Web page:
So, the WHI set out to discover if taking hormone replacement therapy could prevent these diseases. Now this is a far cry different from using hormone replacement therapy to alleviate the symptoms of menopause … with the added benefit of decreasing your risk for these diseases.
Using hormone replacement therapy to directly, specifically, and primarily prevent these diseases is a whole different story! In other words, that’s using it to do something entirely different from its intended purpose. But, of course, explaining that would constitute telling you the whole truth.
Well, you didn’t hear the whole truth about the purpose of the study. You only heard half the truth.
And that’s not all.
The media report to the public on the results of the study weren’t exactly the truth, either.
Here’s what you heard: Hormone replacement for menopause carries more risks than benefits. For example, in the WHI study, it increased the risk of blood clots 100%. It also increased the risk for strokes, heart attack, and breast cancer.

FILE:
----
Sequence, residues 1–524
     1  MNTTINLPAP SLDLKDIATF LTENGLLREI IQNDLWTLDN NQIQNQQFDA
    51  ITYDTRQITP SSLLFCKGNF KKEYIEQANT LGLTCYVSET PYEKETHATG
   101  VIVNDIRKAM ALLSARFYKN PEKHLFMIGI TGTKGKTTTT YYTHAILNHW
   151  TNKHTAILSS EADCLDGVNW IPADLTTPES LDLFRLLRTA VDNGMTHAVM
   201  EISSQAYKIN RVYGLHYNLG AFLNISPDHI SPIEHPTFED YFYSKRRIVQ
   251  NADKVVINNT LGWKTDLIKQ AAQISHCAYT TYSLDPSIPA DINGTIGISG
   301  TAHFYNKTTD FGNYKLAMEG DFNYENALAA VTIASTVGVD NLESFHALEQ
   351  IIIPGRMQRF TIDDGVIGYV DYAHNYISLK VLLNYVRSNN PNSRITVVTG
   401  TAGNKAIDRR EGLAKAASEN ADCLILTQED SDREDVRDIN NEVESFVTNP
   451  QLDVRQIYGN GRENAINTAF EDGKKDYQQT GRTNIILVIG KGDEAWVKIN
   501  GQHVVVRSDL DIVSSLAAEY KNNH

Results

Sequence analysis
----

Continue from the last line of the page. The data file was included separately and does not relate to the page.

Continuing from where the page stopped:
Before I tell you the truth, the whole truth, and nothing but the truth, let me tell you what happened when women heard that media report: They all flushed their hormones down the toilet. They became terrified of taking hormones. Consequently, doctors, seeing the public’s fearful reaction, became unwilling to prescribe hormones. They were concerned about the possibility of litigation that might ensue if a woman developed any of these diseases.
So, in the blink of a single media report about a single research study, women went from taking hormone replacement therapy as a benefit … to condemning hormone replacement therapy as a curse.
Hormone replacement went from being the fountain of youth to being the kiss of death.
So, I ask you: Which is it? What’s the truth? How did something that had been so standard and beneficial become so offensive and risky, just because of one research study?
Here’s how: You heard the non-truth, the half-truth, and everything but the truth.
So, what is the truth?
Non-truths and half-truths take many forms. One form is to make a statement that is essentially “true,” but presented in such a way that makes it sound much more devastating than it really is.